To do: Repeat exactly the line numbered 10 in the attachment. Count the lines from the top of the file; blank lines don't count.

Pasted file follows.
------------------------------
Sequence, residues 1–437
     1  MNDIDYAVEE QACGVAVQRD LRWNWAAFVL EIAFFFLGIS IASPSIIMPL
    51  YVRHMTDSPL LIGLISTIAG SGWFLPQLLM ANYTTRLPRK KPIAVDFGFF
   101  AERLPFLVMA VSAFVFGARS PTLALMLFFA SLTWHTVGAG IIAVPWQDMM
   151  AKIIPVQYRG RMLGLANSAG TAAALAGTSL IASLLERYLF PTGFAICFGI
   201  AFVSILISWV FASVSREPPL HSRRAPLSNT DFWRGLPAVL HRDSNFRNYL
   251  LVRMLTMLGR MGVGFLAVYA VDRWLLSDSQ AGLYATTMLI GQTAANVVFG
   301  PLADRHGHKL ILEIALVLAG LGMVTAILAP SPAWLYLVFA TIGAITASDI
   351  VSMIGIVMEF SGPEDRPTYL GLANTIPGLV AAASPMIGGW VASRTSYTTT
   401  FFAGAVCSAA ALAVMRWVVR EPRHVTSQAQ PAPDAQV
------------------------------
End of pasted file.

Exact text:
   401  FFAGAVCSAA ALAVMRWVVR EPRHVTSQAQ PAPDAQV